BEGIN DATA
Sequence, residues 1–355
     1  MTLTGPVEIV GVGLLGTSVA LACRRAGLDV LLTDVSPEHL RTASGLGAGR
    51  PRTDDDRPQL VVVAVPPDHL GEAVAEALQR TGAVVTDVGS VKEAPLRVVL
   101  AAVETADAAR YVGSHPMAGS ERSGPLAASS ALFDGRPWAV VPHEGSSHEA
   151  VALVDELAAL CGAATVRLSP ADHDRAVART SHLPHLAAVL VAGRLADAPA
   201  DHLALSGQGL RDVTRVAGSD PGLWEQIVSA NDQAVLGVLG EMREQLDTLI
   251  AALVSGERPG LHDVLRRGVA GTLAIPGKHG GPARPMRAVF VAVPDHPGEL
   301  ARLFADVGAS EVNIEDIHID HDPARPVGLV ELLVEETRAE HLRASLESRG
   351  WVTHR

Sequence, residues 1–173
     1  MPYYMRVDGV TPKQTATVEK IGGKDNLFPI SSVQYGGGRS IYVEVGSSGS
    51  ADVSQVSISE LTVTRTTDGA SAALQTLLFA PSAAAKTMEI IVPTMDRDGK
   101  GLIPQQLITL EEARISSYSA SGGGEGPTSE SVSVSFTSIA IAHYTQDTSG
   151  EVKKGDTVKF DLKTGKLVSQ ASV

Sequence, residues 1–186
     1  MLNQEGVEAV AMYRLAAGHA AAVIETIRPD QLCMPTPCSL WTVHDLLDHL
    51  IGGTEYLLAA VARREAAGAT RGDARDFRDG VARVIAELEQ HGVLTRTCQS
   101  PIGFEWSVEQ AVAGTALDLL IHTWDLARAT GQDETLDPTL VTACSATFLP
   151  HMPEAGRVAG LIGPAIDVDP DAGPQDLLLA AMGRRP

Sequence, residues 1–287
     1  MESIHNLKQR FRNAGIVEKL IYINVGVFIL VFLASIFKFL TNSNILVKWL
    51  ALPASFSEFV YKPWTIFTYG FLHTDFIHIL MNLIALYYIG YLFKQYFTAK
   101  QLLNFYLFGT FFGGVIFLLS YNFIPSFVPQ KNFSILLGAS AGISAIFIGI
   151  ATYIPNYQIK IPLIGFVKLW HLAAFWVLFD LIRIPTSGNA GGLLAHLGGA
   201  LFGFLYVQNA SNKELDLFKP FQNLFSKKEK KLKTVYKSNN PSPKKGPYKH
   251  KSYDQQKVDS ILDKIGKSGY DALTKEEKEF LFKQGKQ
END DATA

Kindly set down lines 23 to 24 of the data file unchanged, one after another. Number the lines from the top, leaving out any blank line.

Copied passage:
   101  QLLNFYLFGT FFGGVIFLLS YNFIPSFVPQ KNFSILLGAS AGISAIFIGI
   151  ATYIPNYQIK IPLIGFVKLW HLAAFWVLFD LIRIPTSGNA GGLLAHLGGA